An architectural technologist combines creative flair and technological knowledge.
This career promotes out-of-the-box thinking and sustainable practices, ideal for dreamers and those seeking a unique job, within the building industry.
Architectural technologists are keen to learn more about the building process, the technology of architecture and the design of buildings for use and purpose. It’s a teaching opportunity of technology for architects and an exciting prospect to be a part of larger projects worldwide. Whether you’re keen to travel, love coming up with new ideas or want to change the world, this role has room for development on every level.
What is an architectural technologist?
Architectural technologists have creative and technical roles. It involves turning innovative designs into durable and sustainable constructions. You’ll be in charge of leading projects from inception to completion, paying close attention through every stage. It’s a specialist job in the technology of architecture, using skills of construction and technology and essentially combining the two, with some creative input as well.
The routes to entering an architectural technologist role are varied.
The work involved in this role includes designing and planning the look of buildings, developing projects, contract administration and creating an inclusive environment for colleagues and clients. It’s not only being creative on the project itself but thinking about how that project can benefit a wide range of people and environments. The work you do can be applied to new construction projects, alterations or refurbishment.
The responsibilities of an architectural technologist can vary from working with clients to brainstorming innovative ideas. These are the key responsibilities:
- Collaborate with clients and other professionals in the early stage of a project brief.
- Understand how the project’s design brief is created for the overall performance and its functioning purpose - and ask practical questions to aid completion.
- Evaluate the environmental and legal issues of projects.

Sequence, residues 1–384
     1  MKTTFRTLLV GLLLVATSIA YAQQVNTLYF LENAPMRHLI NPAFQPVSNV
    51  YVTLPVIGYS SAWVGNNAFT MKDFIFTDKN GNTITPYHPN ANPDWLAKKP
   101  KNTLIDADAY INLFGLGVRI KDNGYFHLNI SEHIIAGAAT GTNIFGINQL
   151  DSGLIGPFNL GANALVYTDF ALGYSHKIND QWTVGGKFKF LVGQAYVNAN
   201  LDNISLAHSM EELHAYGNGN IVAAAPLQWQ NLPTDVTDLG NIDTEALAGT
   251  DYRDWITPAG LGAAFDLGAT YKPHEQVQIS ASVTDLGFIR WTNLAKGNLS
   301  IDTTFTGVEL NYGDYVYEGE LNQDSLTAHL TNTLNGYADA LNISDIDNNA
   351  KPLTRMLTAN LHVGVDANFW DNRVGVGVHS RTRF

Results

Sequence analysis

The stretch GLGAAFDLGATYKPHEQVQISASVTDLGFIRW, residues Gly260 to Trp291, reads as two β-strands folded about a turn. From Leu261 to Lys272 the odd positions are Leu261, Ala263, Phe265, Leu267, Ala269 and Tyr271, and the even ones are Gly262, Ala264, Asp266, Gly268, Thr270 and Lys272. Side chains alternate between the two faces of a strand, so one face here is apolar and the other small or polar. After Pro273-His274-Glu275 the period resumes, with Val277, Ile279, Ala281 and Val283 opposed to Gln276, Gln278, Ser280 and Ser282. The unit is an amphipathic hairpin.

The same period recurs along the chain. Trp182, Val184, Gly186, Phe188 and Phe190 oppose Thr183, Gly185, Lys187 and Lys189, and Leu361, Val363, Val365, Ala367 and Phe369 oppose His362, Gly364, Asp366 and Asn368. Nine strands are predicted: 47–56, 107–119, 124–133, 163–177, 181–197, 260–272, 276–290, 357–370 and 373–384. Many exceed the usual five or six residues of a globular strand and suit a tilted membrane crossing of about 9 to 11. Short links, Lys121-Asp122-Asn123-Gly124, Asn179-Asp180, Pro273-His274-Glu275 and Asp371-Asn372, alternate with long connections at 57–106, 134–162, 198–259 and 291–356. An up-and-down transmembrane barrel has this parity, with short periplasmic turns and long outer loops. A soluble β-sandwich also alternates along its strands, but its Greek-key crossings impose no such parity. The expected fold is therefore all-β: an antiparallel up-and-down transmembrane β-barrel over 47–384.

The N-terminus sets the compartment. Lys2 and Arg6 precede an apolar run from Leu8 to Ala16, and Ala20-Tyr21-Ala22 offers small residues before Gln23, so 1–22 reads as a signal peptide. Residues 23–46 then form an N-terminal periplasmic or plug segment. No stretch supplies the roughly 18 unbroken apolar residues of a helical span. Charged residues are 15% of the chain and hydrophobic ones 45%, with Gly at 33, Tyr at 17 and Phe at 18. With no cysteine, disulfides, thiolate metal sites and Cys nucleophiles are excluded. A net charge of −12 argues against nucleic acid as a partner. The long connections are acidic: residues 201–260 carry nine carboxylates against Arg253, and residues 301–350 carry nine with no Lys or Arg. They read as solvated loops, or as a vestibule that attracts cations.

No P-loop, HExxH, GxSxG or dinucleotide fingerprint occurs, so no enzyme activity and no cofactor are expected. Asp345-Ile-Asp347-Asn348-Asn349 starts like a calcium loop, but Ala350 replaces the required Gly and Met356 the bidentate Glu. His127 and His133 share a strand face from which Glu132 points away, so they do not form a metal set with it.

- Create project briefs and work on the progress of the project.
- Identify the surveys required before the work can start and ensure the survey results are fed into the project.
- Advise clients on the most appropriate contracts for the work they're undertaking.
- Create and present design proposals using design software and traditional drawing methods.
- Carry out various risk assessments for the design-stage.
- Be a leader in the design process and coordinate the design information with others.
- Liaise with appropriate authorities such as building inspectors when creating documentation.
- Work on contracts and project certifications.
- Manage the workload of trainee technologists.
- Obtain feedback from people and clients and use it for reporting on the project’s performance.
- Evaluate and advise on the refurbishment, recycling and deconstruction of a project.
- Collect and read technical data and use it for future projects.
The salary for technologist jobs can vary depending on your expertise and experience in the industry. The entry-level salary begins on average at £25,500, whilst for more experienced positions in architectural technology, the salary is £33,200. For more expert architectural technologists such as seniority level associates, salaries can rise to £55,000+. When based in London, salaries can increase even further, as well as taking on increased responsibilities for complex projects.
If you take the self-employed step as an architectural technologist, salaries can increase because it’s up to you to base your rates on your level of expertise and insight.
The routes to entering an architectural technologist role are varied. A degree isn’t essential and you’re able to make your way into the industry through other means, either via work experience or an apprenticeship.
Although a degree isn’t essential for this role, it can improve your job prospects overall. You can either study an HNC, foundation degree, undergraduate degree and/or master’s qualification, accredited by the Chartered Institute of Architectural Technologists (CIAT). During these courses, some may include a 12-month industry placement which can help you gain practical experience and make connections within the industry. These connections are beneficial for your future career development because you never know who may hire you, or assist your training.
The relevant architectural technology degree can give you a faster and more direct entry into becoming a chartered architectural technologist. Other degrees such as construction management degrees, building services engineering degrees and architectural engineering degrees can have a similar effect. Like an undergraduate degree, a postgraduate qualification isn’t necessary, however, master's courses and research opportunities are available if you’re interested in further study.